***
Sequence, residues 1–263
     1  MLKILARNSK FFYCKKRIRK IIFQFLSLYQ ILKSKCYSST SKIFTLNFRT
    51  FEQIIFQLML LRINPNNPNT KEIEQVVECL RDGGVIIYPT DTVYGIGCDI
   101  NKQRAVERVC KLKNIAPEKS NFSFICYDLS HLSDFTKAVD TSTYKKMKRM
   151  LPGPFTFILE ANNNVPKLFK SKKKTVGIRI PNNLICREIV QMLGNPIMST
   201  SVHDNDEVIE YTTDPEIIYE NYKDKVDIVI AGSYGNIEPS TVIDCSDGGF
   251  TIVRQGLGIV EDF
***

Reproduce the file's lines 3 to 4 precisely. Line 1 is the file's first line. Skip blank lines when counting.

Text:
    51  FEQIIFQLML LRINPNNPNT KEIEQVVECL RDGGVIIYPT DTVYGIGCDI
   101  NKQRAVERVC KLKNIAPEKS NFSFICYDLS HLSDFTKAVD TSTYKKMKRM